The 2010s were an odd decade for the global economy. The recovery from the so-called Great Recession has persisted but it has been sluggish. The US is enjoying its longest continuous expansion on record but while it has lasted a long time, it has been relatively shallow. The eurozone, absent a brief upturn in 2016 and 2017, has generally been in either a state of abject crisis or stagnation. Across the advanced economies, productivity growth has slowed and demographic tailwinds have gradually become headwinds. All told, their average annual growth of 3 per cent in the 1980s and 1990s compares to 2 per cent or so in the 2010s.
But despite a decade of slower growth in the core global economies—and a decade of very poor real income growth for most workers—investors have little to complain about. Global stocks, and especially US ones, have boomed and, at the same time, returns from holding bonds have exceeded almost anyone’s expectations. Losing money has been pretty hard.
The factor linking sluggish economic outcomes and a bonanza for global investors has been historically low interest rates. Global central banks rode to the rescue of the economy in 2008 and 2009 by cutting them to previously unimagined levels. Policy then became “unconventional” with the advent of quantitative easing (the electronic creation of new money by central banks to purchase assets), negative interest rates in Japan and much of Europe and all manner of schemes to boost lending and credit growth. Unconventional policy has failed to kickstart a strong recovery but it may have prevented the world experiencing another depression. The impact on asset prices, though, has been extreme.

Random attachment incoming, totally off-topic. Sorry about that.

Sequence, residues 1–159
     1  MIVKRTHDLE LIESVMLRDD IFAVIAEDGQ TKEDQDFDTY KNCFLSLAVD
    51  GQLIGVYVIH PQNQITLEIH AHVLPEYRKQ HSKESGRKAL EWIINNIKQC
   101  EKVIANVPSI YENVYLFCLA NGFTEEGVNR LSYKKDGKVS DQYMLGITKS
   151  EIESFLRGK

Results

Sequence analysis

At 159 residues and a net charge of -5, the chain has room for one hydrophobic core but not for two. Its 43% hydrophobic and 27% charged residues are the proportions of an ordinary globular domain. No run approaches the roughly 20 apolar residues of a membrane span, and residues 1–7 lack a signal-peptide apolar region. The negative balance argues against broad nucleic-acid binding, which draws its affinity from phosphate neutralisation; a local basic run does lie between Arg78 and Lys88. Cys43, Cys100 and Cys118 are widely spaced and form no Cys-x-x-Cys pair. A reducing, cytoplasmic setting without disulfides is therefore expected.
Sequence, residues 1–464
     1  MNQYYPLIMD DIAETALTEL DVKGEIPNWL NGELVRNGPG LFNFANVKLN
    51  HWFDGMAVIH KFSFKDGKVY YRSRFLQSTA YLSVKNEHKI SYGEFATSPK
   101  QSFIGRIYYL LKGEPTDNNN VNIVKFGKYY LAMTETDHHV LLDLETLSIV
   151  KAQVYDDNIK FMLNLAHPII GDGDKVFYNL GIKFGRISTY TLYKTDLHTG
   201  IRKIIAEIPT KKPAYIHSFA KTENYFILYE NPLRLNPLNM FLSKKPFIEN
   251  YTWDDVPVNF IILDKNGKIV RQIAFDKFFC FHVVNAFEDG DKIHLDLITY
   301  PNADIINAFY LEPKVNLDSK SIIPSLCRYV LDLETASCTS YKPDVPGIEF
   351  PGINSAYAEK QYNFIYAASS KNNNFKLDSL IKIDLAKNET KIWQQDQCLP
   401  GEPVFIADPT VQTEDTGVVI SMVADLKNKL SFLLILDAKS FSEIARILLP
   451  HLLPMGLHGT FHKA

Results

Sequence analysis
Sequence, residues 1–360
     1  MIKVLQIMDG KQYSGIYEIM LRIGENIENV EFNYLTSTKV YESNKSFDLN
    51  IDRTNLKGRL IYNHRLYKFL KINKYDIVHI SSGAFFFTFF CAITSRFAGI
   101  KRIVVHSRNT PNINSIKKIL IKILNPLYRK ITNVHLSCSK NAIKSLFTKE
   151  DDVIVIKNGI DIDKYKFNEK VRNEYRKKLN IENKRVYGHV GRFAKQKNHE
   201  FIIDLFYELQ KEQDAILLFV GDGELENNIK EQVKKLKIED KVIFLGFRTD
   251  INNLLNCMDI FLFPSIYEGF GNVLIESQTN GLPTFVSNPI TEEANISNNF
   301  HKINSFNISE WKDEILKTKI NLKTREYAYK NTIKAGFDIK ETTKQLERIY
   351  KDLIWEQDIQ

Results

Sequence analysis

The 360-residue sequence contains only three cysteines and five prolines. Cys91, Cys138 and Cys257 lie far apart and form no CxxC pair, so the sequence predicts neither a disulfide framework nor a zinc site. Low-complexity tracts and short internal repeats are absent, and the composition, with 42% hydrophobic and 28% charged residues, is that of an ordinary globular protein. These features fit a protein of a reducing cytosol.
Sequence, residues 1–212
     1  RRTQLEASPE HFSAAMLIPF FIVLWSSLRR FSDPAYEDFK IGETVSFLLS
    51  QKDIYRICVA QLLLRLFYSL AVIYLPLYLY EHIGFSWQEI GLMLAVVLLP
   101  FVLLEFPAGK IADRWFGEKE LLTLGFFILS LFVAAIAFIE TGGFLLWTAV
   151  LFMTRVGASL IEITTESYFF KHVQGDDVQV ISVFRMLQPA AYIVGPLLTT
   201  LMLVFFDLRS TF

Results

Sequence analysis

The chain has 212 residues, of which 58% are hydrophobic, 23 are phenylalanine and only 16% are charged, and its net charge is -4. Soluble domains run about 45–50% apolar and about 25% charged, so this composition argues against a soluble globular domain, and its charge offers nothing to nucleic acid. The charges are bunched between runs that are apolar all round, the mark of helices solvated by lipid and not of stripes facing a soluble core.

So, what will the next decade hold for investors? An important part of that answer will be decided by the direction of rates. The US, between late 2016 and 2018, tried to lead the way in slowly “normalising” monetary policy. The Federal Reserve gradually raised rates to 2.5 per cent by early 2019, still half the level that would once have been regarded as normal but well above that seen in Europe, the UK or Japan. Over the past few months, however, it’s been forced…